Mobile mining is not going to be the next big way to make money on mobile. That is, if you want to avoid criminal behavior. Digital currency miners are a curious new trend in the mobile world and we’ve seen quite a few of them including BadLepricon, CoinKrypt, Widdit, FreeLotto, and TokenCrypt. But while we’ve looked them over and over, we just don’t see a situation in which mobile miners can truly be profitable -- unless they’re criminal. “To make mobile mining profitable, phones would need more powerful processors at a cheaper cost,” said Olaf Carlson-Wee, Operations at Coinbase, a San Francisco-based digital currency wallet. “Even if this were the case, mobile phones will never compete with hardware specifically designed to mine efficiently, like bitcoin ASICs (application specific integrated circuits).” The miners we’ve seen thus far really vary in sophistication. CoinKrypt was as basic as they come. It was made up of three classes that really only served to kick off the mining process. BadLepricon was slightly more sophisticated, packed with a Stratum mining proxy and protections for the device -- it would only mine if the battery was charging, the display was off, and the phone had network connectivity. Widdit was arguably the most sophisticated, dynamically loading mining code into its SDK meant to help developers customize the Android lock screen.
Up until this point most of these mobile miners were outright malware, but one -- Widdit -- wasn't necessarily malware in the end. However, even with the best efforts to inform users that you are, in fact, using their device to mine, there is likely no way you’re going to be profitable. That is, without going a little black hat.
Mining takes a lot of time and energy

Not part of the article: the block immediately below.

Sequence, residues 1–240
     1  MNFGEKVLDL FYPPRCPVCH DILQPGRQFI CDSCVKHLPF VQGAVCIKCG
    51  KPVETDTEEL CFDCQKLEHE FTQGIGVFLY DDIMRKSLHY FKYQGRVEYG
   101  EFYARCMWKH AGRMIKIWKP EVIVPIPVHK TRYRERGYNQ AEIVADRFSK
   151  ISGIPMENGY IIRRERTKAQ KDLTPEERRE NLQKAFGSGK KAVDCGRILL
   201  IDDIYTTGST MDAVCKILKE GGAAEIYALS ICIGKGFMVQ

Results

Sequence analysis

Unless you are able to offset the cost of resources such as time, electricity, and the device’s own processing power to zero, mining will never be a viable business model. You also have to take into account the difficulty level, which the network sets to throttle the rate at which new coins are released. Take, for example, Bitcoin. In order to mine one Bitcoin -- which was worth $639 at the time of writing this post -- you would need almost 15 million Samsung Galaxy S3 phones all mining non-stop over 24 hours. Samsung Galaxy SIII’s have a hash rate of, on average, 2.4 MHz. Factoring in the difficulty level for Bitcoin, you’d only mine .00000007 Bitcoin running a Samsung Galaxy SIII constantly over 24 hours. Given Bitcoin’s current value, that’s only $0.00004473 in earnings a day. If you want to mine at least one Bitcoin in a day, you’d need 14,285,714 phones mining constantly over that time period. Litecoin, a less valuable coin, would still take 3,752 Samsung Galaxy S3’s mining non-stop over 24 hours to mine a single coin.
Litecoin, at the time of writing this post, was worth around $8. Samsung Galaxy SIIIs have a mining rate of, on average, 4kHz. Factoring in the difficulty level for Litecoin, using one phone running constantly over 24 hours you would produce .00026651 Litecoin. Using only one device, you would only make $.00021 cents per day based on the current value of Litecoin. In order to mine one whole Litecoin within 24 hours, you would then need around 3,752 Samsung Galaxy SIII’s. “Mobile mining is inefficient because mobile hardware cannot cost-effectively compute the hash functions required to mine cryptocurrency,” said Carlson-Wee at Coinbase. “Because other hardware such as graphics cards and ASICs are more efficient at computing hash functions, mobile mining will likely never be profitable.”